This is the website of a top US hospital for children and teens, the Children’s Colorado Hospital. Not focused specifically on sports, this attractive site nonetheless carries useful information on health and wellness, as well as in depth articles about the conditions treated at the hospital. A worthwhile read for anyone interested in sports injuries, physiotherapy and health and fitness in general.
This site is hard-hitting in its tone and design, which is not surprising as it tackles a the difficult topic of protecting children from inappropriate adult behaviour in sports coaching. It offers advice in sensitively written articles and is a useful resource for both those involved in sports coaching, as well as for concerned parents.
Attractively designed, this blog is written to support the author’s book The Joy of Youth Sports. Written by Jeffrey Rhoads, the blog is nonetheless useful, with a good range of topics of interest to students, parents and coaches alike, including ‘helicopter parents’. The tone is upbeat and the articles well-crafted.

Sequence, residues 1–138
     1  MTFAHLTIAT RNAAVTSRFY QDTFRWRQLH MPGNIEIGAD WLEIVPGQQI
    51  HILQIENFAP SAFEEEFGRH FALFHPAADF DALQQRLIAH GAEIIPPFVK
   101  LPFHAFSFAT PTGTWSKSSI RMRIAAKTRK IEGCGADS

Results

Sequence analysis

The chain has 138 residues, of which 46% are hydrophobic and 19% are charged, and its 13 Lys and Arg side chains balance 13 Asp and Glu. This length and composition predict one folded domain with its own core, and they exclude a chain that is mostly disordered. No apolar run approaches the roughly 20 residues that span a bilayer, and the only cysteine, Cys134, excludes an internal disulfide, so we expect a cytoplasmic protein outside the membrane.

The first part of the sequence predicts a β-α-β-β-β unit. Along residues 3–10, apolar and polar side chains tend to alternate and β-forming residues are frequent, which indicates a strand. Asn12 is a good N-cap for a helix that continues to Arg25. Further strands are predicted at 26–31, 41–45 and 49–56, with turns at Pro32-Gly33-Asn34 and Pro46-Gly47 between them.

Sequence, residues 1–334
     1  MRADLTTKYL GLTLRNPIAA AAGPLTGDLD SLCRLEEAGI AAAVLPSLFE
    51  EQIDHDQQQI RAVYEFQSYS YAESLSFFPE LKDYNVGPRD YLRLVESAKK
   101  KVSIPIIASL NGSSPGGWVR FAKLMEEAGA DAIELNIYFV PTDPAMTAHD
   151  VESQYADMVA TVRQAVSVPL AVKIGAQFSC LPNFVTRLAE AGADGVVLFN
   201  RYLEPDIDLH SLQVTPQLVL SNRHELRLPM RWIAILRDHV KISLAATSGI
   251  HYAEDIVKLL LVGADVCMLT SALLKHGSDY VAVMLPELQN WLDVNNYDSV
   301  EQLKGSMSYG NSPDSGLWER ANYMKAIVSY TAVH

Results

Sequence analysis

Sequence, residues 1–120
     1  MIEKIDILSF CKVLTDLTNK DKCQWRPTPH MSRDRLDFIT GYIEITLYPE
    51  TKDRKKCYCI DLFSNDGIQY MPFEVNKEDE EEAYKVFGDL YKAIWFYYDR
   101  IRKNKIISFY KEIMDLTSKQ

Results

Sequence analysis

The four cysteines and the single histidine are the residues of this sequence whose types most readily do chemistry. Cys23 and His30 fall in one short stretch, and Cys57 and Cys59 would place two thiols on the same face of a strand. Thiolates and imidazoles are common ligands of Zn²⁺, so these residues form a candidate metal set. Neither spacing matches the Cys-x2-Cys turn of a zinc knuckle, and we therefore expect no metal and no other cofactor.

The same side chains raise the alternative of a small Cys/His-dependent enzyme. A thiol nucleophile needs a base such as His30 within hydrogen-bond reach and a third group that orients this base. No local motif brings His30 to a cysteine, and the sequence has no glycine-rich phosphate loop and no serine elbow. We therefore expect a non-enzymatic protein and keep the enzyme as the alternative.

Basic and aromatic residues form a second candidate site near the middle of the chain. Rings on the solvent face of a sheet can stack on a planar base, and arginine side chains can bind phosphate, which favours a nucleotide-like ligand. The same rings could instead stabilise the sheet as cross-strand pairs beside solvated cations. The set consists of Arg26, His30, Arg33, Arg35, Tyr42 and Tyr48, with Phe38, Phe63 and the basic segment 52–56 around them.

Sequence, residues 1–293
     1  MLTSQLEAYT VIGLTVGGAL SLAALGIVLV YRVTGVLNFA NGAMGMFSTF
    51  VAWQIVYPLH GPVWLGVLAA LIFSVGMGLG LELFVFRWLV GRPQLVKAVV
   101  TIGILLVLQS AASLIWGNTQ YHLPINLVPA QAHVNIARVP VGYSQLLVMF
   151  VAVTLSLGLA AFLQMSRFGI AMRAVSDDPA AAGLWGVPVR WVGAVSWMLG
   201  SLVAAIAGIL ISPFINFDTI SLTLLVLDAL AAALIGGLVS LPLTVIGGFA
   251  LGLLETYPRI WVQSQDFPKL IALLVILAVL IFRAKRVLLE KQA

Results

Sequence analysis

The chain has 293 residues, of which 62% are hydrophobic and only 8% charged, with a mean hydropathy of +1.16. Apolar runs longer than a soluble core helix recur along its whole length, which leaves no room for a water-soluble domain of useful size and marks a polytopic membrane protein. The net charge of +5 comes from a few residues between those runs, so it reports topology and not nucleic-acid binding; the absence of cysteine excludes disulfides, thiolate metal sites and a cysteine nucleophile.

The main website is, first and foremost, a publicity tool for inspirational American football youth coach, Dave Cisar’s book and DVD on the subject. That said, he also has a ‘free blog’ that offers some good tips and interesting insight into the teams he has coached, or is currently looking after. Some good images in this blog, mainly of him and his teams on the pitch.
This US site appears at first glance to have plenty of resources to help with practical tactics and strategies. However, many of the links lead to items that are available to purchase, e.g. books or DVDs. However, there are a few gems lurking on the site if you are prepared to look for them. The ‘basketball locker room’ forum is worth a browse.